June 16, 2011


Raise the Cup: Bruins shut the door in Game 7 to take first title in 39 years (Dan Shaughnessy, June 16, 2011, Boston Globe)

They won it for every New England mom and dad who ever woke up to drive kids to the rink at 6 a.m., and drank hot chocolate while they waited in the cold. [...]

Today would be a good day to call your out-of-town friends and tell them you live in a city that just won its seventh championship in 11 years. You live in the only hamlet that’s won the Grand Slam of North American trophies within seven years.

It is the High Renaissance of New England sports. Our Duck Boat tires are balding. The vaunted Patriots just became the Boston franchise with the longest championship drought. The Patriots, the NFL’s team of the decade, haven’t won a Super Bowl since way back in 2005.

The humanity!

Let the record show that the Bruins’ long-awaited return to the circle of champions came on a perfect June evening, 2,500 miles across the continent from Causeway Street. A season that started in Prague ended on Game No. 107, as the Bruins became the first team in NHL history to win three Game 7s in a single spring. It was the Bruins’ first Game 7 road win in their 87-year history. [...]

The Canucks were strong at the jump, but with 5 1/2 minutes left in the first period, the Bruins lost a faceoff in the Vancouver zone, but Marchand got the puck. The Ball Of Hate controlled it nicely, and centered the puck to Bergeron, who one-timed it past Roberto Luongo. Good omen. The team that scored first won every game of the Final.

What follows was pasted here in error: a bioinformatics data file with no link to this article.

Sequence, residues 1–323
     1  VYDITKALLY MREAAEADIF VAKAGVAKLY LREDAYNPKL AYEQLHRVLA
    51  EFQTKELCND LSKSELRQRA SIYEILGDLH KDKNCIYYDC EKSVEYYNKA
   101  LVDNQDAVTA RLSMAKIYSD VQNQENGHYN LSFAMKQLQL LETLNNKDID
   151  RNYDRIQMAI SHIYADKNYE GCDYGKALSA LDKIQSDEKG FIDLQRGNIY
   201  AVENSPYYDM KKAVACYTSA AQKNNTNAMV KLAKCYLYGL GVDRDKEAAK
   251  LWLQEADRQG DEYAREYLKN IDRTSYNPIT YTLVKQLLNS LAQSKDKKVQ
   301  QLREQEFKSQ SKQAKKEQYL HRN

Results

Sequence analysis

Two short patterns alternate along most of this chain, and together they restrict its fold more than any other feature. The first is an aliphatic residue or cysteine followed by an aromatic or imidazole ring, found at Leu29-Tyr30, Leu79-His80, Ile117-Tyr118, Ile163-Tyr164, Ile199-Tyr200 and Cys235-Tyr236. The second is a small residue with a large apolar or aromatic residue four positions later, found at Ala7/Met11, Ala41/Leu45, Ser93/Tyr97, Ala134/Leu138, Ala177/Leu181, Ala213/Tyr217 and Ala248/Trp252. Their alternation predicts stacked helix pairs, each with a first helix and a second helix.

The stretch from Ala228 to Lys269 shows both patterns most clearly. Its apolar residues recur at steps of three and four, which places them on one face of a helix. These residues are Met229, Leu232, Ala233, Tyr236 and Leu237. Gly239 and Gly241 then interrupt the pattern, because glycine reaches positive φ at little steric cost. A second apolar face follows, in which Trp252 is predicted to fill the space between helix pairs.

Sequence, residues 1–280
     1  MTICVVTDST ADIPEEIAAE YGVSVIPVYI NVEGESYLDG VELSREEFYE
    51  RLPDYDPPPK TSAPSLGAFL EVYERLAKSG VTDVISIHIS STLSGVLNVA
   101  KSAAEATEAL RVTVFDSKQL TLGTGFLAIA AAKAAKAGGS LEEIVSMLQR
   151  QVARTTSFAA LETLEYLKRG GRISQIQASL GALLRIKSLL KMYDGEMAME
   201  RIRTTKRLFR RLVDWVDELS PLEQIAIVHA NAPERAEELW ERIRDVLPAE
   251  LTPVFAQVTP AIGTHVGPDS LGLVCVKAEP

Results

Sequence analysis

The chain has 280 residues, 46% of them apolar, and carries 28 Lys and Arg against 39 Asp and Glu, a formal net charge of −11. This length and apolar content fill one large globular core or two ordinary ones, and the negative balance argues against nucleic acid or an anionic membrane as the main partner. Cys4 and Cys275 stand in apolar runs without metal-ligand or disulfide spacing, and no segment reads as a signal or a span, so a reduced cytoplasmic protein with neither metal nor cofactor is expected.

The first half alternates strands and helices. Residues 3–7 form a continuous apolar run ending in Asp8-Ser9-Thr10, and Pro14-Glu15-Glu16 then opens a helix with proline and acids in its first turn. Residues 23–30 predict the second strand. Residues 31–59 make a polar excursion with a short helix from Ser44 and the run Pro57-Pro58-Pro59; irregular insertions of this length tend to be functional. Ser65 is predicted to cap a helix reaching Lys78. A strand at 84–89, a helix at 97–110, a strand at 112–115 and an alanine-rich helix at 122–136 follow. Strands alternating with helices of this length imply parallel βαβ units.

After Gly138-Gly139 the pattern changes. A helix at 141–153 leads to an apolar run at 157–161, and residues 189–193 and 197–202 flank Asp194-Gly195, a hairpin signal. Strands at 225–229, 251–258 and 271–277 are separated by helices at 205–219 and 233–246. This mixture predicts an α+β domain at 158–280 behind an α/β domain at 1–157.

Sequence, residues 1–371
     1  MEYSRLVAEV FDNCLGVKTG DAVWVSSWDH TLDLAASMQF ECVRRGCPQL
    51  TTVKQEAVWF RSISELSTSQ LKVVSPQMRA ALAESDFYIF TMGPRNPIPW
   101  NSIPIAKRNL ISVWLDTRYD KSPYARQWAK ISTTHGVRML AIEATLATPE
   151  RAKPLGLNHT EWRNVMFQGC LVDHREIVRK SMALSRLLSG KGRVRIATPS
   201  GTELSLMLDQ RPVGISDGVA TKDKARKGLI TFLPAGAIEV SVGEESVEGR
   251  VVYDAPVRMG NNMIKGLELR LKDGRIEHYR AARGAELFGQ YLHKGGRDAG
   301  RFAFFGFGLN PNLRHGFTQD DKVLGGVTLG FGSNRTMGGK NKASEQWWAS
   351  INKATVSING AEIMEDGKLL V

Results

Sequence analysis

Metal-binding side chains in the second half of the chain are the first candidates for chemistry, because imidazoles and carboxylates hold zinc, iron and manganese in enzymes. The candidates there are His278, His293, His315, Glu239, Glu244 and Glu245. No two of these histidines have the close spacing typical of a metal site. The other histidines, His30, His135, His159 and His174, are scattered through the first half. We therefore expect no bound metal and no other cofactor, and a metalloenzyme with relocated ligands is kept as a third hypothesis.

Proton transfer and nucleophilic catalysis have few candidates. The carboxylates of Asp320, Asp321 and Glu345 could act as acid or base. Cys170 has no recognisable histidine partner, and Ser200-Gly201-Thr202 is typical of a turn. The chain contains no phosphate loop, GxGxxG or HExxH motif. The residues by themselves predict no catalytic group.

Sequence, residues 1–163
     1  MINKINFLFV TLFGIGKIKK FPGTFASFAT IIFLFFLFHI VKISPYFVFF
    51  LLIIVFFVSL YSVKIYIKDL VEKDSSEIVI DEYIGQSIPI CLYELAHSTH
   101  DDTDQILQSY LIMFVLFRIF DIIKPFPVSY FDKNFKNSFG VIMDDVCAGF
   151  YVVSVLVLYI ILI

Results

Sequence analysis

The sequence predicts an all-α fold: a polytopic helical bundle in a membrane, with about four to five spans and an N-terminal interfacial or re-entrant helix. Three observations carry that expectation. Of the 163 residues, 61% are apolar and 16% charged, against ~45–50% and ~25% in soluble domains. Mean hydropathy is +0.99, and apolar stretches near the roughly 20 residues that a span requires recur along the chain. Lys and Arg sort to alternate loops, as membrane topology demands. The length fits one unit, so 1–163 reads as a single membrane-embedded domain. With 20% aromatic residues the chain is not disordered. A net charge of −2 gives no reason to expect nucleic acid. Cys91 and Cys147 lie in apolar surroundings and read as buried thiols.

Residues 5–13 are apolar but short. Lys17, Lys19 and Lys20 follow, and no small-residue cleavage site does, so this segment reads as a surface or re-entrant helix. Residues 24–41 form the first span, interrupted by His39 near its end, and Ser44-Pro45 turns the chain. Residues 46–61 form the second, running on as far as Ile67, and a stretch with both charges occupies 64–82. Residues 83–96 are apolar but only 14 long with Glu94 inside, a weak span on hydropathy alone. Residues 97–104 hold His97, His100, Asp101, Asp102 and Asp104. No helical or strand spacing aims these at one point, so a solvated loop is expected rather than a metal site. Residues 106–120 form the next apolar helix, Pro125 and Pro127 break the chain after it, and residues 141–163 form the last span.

Late in the second, Zdeno Chara made a crucial save. That’s right. Save. After giving up the puck right in front of the Bruins’ net, he assumed the goalie duties when Thomas was faked out of position. Looking like a treetop Gump Worsley, Chara stopped Alex Burrows’s shot with his left knee. Nice save for the big guy.

With 7:47 left in the second, Marchand made it 2-0 on a wraparound at the left post. Once again, tire-pumpin’ Luongo was not agile enough to stop the puck.

Then the Bruins struck with a shorthanded goal — the clincher. With Chara off for interference (first penalty of the night), Bergeron found himself on a shorthanded partial breakaway. As he was dragged down by Christian Ehrhoff (chasing with Alex Edler), Bergeron somehow steered the puck past the shell-shocked Luongo. The goal was reviewed and when it was announced that the goal would count, it sounded like 18,860 were taking their college boards. The Bruins had three goals on only 13 shots. Both Sedins were on the ice for all three scores. At that juncture, Luongo had whiffed on six of the last 21 shots on net. [...]

Here’s the new joke in British Columbia?

Q: What time is it in Vancouver?

A: It’s 20 past Luongo.

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Posted by at June 16, 2011 7:02 AM

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